The white-paper does not provide concrete dates for its development outline.
The young team behind DataWallet have little real-world experience to draw upon but have attracted the attention of some high-profile investment figures.
The project is headed by Serafin Lion Engel and Daniel Hawthorne. The former is a 25-year-old college dropout turned entrepreneur whose ideas appealed to billionaire investor Tim Draper. He was quickly enrolled at Draper’s own entrepreneur training school, the Draper University.
The latter has a doctorate in Cognitive Science from Stanford University and was briefly a research intern at the Pacific Northwest National Laboratory before co-founding Pnyks Inc., one of the founding companies behind DataWallet.
Aside from Draper, the project has another high-profile team member in the person of Marc Benioff, founder and current CEO of Salesforce, the world’s leading CRM platform.
Whilst Draper and Benioff are figureheads and general advisors for the project as opposed to active project leads, they are both heavy hitters with A1 address books and proven track records in getting startups onto their feet.
The token which DataWallet will use for both their ICO and subsequent marketplace is the Data Exchange Token (DXT). Users generating data will be able to sell their data to the companies they choose to in exchange for DXT. Meanwhile, a DataWallet app store will allow other clients to pay money to the platform for AI-driven services using the token.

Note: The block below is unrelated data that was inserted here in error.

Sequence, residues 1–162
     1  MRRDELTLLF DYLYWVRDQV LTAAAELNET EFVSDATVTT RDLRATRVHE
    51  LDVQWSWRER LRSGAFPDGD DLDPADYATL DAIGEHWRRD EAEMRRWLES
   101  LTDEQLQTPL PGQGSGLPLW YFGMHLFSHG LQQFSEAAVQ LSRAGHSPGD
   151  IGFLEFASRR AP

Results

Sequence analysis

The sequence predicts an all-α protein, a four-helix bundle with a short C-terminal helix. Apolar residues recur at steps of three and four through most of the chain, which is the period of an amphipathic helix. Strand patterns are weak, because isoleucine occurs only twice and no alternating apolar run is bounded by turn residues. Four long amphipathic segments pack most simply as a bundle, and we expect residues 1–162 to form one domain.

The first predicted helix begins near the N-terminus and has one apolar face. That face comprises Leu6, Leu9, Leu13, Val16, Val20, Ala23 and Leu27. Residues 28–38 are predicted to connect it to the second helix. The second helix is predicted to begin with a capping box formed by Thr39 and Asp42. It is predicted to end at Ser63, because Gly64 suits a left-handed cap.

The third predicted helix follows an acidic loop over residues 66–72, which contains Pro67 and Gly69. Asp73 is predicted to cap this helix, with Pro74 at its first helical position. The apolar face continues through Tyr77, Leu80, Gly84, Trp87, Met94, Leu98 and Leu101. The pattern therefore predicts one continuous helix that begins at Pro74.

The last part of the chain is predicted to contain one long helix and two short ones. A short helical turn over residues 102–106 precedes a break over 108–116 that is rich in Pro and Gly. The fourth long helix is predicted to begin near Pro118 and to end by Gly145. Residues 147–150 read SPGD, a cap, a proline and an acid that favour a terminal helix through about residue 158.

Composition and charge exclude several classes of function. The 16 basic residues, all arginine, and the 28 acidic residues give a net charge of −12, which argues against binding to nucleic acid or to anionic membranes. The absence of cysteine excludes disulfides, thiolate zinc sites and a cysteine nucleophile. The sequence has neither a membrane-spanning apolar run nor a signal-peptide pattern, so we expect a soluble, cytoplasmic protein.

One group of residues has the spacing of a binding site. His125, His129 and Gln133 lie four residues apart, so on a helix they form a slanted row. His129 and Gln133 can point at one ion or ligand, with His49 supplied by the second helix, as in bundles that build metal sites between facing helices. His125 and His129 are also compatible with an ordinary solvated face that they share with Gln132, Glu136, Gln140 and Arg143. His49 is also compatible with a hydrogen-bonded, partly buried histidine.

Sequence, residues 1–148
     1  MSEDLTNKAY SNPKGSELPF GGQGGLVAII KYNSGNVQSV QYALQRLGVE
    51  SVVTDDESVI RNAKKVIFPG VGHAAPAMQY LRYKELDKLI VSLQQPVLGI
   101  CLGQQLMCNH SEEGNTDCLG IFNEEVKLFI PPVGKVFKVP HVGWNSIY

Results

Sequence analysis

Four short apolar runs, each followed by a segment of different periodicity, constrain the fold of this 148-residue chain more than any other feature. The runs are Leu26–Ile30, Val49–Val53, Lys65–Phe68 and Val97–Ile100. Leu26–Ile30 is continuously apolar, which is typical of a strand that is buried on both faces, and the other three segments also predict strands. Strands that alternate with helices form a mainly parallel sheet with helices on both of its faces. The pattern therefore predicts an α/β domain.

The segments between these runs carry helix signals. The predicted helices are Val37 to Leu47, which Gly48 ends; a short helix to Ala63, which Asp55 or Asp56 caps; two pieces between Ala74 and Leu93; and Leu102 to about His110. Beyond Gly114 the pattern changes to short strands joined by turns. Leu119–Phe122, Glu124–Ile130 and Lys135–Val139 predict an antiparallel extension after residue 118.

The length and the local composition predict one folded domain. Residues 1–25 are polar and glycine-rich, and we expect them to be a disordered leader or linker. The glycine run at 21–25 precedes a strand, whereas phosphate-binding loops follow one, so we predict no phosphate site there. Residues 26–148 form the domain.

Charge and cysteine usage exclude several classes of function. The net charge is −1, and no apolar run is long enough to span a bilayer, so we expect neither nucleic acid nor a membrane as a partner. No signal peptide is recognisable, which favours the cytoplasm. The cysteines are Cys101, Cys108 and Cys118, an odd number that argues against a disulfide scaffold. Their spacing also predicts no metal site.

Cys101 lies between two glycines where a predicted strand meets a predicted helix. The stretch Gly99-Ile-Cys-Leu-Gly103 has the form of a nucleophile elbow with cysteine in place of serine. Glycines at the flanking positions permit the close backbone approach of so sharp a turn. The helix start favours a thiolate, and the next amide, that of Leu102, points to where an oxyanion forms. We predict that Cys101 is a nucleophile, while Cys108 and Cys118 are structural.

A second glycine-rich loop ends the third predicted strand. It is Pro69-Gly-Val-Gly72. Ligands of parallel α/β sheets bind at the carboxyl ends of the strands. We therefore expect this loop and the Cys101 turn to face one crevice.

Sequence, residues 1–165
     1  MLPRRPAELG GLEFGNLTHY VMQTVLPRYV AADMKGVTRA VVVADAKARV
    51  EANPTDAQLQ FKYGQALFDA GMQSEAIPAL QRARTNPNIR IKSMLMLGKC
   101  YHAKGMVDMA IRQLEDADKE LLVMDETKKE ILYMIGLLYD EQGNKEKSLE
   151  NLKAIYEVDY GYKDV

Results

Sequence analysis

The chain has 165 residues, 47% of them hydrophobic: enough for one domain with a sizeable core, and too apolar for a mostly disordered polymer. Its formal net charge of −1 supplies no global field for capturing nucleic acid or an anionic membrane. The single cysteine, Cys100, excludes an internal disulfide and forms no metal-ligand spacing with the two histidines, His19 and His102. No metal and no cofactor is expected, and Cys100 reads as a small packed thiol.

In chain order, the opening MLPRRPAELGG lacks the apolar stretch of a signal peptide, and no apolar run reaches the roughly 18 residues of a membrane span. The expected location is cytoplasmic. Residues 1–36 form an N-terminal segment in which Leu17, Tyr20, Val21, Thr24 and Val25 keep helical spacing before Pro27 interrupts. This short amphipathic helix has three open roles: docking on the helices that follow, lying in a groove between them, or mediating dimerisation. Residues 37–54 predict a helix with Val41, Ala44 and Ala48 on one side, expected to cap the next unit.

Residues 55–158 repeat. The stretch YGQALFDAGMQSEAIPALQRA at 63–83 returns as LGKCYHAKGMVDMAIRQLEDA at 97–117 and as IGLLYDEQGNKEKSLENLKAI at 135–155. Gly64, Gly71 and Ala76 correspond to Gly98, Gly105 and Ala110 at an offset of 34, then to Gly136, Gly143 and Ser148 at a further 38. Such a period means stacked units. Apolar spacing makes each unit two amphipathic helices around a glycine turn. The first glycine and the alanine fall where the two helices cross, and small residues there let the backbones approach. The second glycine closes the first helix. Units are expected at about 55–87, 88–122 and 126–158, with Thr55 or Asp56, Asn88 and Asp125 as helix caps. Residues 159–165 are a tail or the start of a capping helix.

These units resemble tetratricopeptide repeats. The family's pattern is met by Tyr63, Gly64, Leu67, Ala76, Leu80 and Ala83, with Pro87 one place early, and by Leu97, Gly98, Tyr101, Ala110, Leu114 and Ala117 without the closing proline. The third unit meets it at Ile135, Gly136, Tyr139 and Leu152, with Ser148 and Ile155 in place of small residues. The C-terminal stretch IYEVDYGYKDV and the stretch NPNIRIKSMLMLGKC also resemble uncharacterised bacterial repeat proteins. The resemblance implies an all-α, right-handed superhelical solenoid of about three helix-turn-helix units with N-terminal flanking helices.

There will be a total of 750,000,000 DXT created. Of these, 250,000,000 will be sold at ICO. The price for the sale is set at $0.18/DXT and payment can be made using BTC, BCH, or ETH.
The token distribution is as follows:
- Sold at ICO – 33.33%
- Developer pool – 16.66%
- User Growth Pool – 16.66%
- DataWallet development – 33.33%
There is a maximum cap on contributions in USD. The figure is set at $30 million. There is also a soft cap which has not been disclosed.
From the proceeds of the token sale, 15% of contributions will be allocated to marketing. This is a little bit lower than other ICOs undertaking similar initiatives but with Draper and Benioff fronting the project, they will be unlikely to struggle in this area.
As it happens, the early signs for marketing seem positive – still in its pre-ICO stage, there is strong evidence that word is getting out, particularly on Youtube and Twitter. There does, however, appear to be no engagement with Facebook but that appears to have been delegated to bounty hunters as part of its marketing allocation.
This is, of course, an ICO that seeks to finance the expansion of an pre-existing business with an established client-base which should serve as a boon for its likelihood of ultimate success.
DataWallet is taking aim at a real issue with online interaction. It seeks to disrupt the current data-brokerage system whilst retaining the current internet experience of the user. It does, however, face stiff competition, notably from Datum who operate in precisely the same space.
Unlike Datum, however, this project carries high profile advisory board members which, over the longer term, could lend it an advantage ahead of its other competitors.
The project itself has been under development since 2014 which, ordinarily, should also lend it some further advantage over more recent arrivals to the scene.
Ratings Score Methodology: a weighted average across three scores: Concept (10% weight), Blockchain Fit (30% weight), Execution (60% weight).